Sunday, July 12, 2015
Setting the Stage
“Okay then,” said the officer, “doesn’t appear the kid did anything wrong, although…hmm, I found it odd he was carrying fishing gear when there’s no streams or places to fish in that area. Oh well, very glad you are doing so good Mr. Thunder. I’m running late.”
Officer Medetcher handed my wife a card, gave her instructions for retrieving my other belongings from the mangled car, and left.
Jay…Jay, his appearance and the fact he knew Aura and Jovee, wrung out my mind like a rag as it tried making sense of the connection. Apparitions don’t make verifiable phone calls and talk with personas, ones that left their host, Clay. I felt a clammy sweat oozing from every cell of my being.
“Eat those bran muffins I brought you,” said Daisy, “and get some coffee in your system before you have withdrawals. Those headaches are miserable.”
Years of marital conditioning took over and I did as told. My brain’s processor kept working on Jay’s full name as I chewed on a grainy muffin. Daisy stood and opened the curtains. What initially looked to be a clear day had given way to menacing storm clouds much like those gathering in my spirit.
The hospital’s ventilation system kicked in and the telltale odor of disinfectant, topical treatments, and illness made its way to my nose.
“I hate hospitals,” I said with a mouthful of crumbs that sprayed forth like a shotgun blast. “They smell of suffering, death and sorrow. No offense Sweety.”
“I know, I know. You’ve said that for years and what do I always say?”
“Ah, let’s see, I know this. Yes, you always say that a good nurse would tell me many accounts of people rejoicing and getting healed as well. Oh, and that you are a good nurse so you should know.”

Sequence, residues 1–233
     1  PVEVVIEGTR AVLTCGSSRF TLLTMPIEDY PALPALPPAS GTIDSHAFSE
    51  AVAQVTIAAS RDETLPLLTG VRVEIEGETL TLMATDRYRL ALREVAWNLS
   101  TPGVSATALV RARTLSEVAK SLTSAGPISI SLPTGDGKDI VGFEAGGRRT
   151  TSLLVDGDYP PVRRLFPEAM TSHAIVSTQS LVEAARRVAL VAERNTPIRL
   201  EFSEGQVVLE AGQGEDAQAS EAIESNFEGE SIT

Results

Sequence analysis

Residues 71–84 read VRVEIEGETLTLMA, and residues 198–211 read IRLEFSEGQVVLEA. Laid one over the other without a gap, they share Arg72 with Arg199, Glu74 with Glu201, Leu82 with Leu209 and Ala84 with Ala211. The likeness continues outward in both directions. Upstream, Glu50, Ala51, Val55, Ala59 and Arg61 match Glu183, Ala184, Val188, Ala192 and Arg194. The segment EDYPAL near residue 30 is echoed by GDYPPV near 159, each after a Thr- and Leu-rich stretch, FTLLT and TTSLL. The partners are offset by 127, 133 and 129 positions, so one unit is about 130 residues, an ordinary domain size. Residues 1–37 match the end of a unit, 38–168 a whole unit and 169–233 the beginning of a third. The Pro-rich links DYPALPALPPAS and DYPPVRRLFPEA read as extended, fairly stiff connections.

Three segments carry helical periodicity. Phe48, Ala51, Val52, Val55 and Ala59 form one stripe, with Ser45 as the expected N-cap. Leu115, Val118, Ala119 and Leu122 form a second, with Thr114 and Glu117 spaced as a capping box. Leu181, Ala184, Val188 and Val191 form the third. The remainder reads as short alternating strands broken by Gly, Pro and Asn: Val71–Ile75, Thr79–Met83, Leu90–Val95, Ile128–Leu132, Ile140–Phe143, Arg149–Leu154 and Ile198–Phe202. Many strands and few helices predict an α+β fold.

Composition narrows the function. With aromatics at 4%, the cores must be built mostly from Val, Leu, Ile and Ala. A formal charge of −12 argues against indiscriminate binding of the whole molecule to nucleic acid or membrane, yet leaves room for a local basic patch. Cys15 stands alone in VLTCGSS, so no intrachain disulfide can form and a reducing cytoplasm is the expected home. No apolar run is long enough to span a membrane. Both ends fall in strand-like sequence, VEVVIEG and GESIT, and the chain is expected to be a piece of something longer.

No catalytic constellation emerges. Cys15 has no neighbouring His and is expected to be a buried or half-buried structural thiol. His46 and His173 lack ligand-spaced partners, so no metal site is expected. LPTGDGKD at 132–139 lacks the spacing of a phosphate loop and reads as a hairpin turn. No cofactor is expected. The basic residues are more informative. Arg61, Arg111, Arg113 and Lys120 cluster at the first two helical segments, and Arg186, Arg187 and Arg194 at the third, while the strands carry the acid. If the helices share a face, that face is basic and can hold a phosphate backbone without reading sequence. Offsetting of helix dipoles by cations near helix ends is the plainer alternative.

I drank some coffee, grateful for its friendship and familiarity, and choked on it when I remembered Jay’s name.
“Still…cough, cough, Water, cough, cough, cough. Jay Still Water is the boy’s name Daisy,” I croaked.
“Well good for you that you remembered,” she said. “Now you won’t be obsessing on it till Juvember.”
“Yes, but doesn’t that sound familiar?” I asked. “And he looked like someone; I mean reminded me of someone I thought I knew. Who though?”
“Oh for Hokey Pete’s sake dear, now you’ll obsess on that until you get it or stop trying. Give it all a rest and let yourself get well.”
“Speaking of getting well, tell me more about Clay. You said he’s failing fast.”
“No,” said Daisy, “I said he’s fading fast and there’s a difference.”
“Hunh, how so? What’s up with you Daisy? You’re acting peculiar, edgy like.”
Flustered, my wife peeked in the empty cafeteria bag.
“Was that muffin enough to hold you until lunch? Let’s see, you still have a few hours,” she said, obviously sidestepping my question.
The sound of growling thunder pushed its way through the window’s glass. The changing weather changed the pain in my leg from nagging to surges of sharp jabbing.
Complaining, I said, “Yeowch, my turn to be a human barometer. That’s what I get for teasing others about forecasting storms with their healed broken bones.”
“You want a shot?” asked Daisy.
“No, I’ll be okay. What I want is for you answer me about Clay and stop being an odd ball.”
The bags of fluid draining into me and the coffee I drank made its way to my bladder and I made Daisy aware. Meaning well, a healer in her own right and loving to nurture, she wanted the best for me, yes, wanted me to give the same attention to myself as to my brother. Leaving to search for a pee jug, she was happy to be off the hook and hoped I’d let the subject of Clay go.
“You better hurry Gal,” I said as she walked away. “That catheter messed up my control I think.”
“I just called my wife Gal and she didn’t blink. What the hell?” I asked myself.
Copyright © 2015 Migizi M. New Song. All Rights Reserved.